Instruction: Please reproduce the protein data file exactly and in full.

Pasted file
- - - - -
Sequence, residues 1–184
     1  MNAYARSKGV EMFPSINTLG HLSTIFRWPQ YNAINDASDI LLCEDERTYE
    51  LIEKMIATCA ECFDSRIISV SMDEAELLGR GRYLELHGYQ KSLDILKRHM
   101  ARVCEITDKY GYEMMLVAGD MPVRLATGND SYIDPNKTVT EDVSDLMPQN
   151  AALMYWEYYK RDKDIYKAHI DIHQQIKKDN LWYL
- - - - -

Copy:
Sequence, residues 1–184
     1  MNAYARSKGV EMFPSINTLG HLSTIFRWPQ YNAINDASDI LLCEDERTYE
    51  LIEKMIATCA ECFDSRIISV SMDEAELLGR GRYLELHGYQ KSLDILKRHM
   101  ARVCEITDKY GYEMMLVAGD MPVRLATGND SYIDPNKTVT EDVSDLMPQN
   151  AALMYWEYYK RDKDIYKAHI DIHQQIKKDN LWYL